4 Lesser-Known Visual Functions on Macs

Visually speaking, there’s no comparing Macs and PC and that’s almost a given fact. And even beyond how great everything tends to look on an Apple computer, there are also some lesser-known visual functions on Macs that can significantly improve your Mac visual experience. Check out our four favorite such tips and tricks below.

See your own widgets on the Dashboard

Some Mac users, especially those who came to the party a little bit later, don’t even know their Mac has a Widgets section on the Dashboard. It was first introduced in 10.4 and you can download widgets for it at http://apple.com/downloads/dashboard. But one of the cooler visual functions is that you can literally (and easily) make your own widgets, which will stay live. Access a page you frequently check out in Safari. Clip out the information you’re interested in by accessing Open in Dashboard in the File menu. Once you’ve got your selection down pat, you Add them from the top right. Customize the frame once the widget has been added to the Dashboard and see how your customized desktop gadget updates automatically. For force refreshes of this news feed, click the widget, then Command + R.

Zoom in on-screen

Perhaps your eyesight isn’t exactly 20:20, or maybe you just need to see something up close on your screen. Macs allow you to zoom into any point on your device’s display, but, surprisingly enough, this is one of the lesser-known visual functions on Macs. In order to zoom in, all you need to do is hold the Command key, then scroll up, either with the mouse or the trackpad. While this works in most cases, if it doesn’t, it probably simply means the option to zoom in has been disabled from Accessibility. To enable it, go to that menu and tweak for your preferences. You can smooth out the zooming function and choose between zooming in on the entire screen and having the zoomed-in area displayed in a separate little window on-screen. This function is particularly useful for Mac computers with very ample screens, whose desktops sometimes tend to become a bit over-crowded.

Enjoy the animated eye-candy

Macs come with a load of animations on screen, but, depending on the speed of your processor, some of them swish by so fast that it’s often difficult to figure out what’s going on. And it’s a shame not to bask in the glory of some of these clever animations – so one of our picks for this list of obscure visual functions for Macs is that of slowing down animations. How do you do that? Easy as pie. Simply hold down the Shift key when you’re, say, minimizing a window. This will make Mission Control or Launchpad come up, enabling you to get a closer look to the visual effect.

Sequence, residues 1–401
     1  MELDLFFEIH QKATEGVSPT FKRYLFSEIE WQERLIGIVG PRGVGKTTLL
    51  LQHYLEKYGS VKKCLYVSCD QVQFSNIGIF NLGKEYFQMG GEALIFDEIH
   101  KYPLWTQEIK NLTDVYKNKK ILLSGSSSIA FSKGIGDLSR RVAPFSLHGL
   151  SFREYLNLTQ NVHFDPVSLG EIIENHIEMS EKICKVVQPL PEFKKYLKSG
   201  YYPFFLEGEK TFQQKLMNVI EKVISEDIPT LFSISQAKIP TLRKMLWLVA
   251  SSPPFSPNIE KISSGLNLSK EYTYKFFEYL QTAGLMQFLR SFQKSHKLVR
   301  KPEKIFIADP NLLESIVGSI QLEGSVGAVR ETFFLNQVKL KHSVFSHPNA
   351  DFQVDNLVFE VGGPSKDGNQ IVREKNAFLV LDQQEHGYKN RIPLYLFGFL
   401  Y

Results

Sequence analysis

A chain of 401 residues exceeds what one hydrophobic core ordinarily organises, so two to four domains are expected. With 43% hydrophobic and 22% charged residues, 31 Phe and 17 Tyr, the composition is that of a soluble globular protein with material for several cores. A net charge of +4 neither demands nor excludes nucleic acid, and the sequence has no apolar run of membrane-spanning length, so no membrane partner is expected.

Personalize your screen real estate with custom icons

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Remember the days when customized folder icons were the norm? Those days seem to have fallen behind the times – however, those of you who still want to personalize the appearance of their Mac screens via desktop icons can easily do so. For documents, use Finder and Command + C to select the file and icon you want, then move to Preview mode and tap Command + N. You’ll be given a choice of different icon sizes and can pick the one you need. Export it to .png, then drop it onto your file of choice.

You have loads of different choices for icons on websites such as www.interfacelift.com, but also on your systems, at /System/Library/CoreServices. Right-click CoreTypes.bundle, select Show Package Contents and you’ll be faced with an ample array of options. Identify the file, folder, or app whose icon you want to change, go to File Menu > Get Info, or just press Command + I. Click the icon to select it, followed by Command + C. Paste the new icon on your element of choice, ‘Get Info’, then tap Command + V.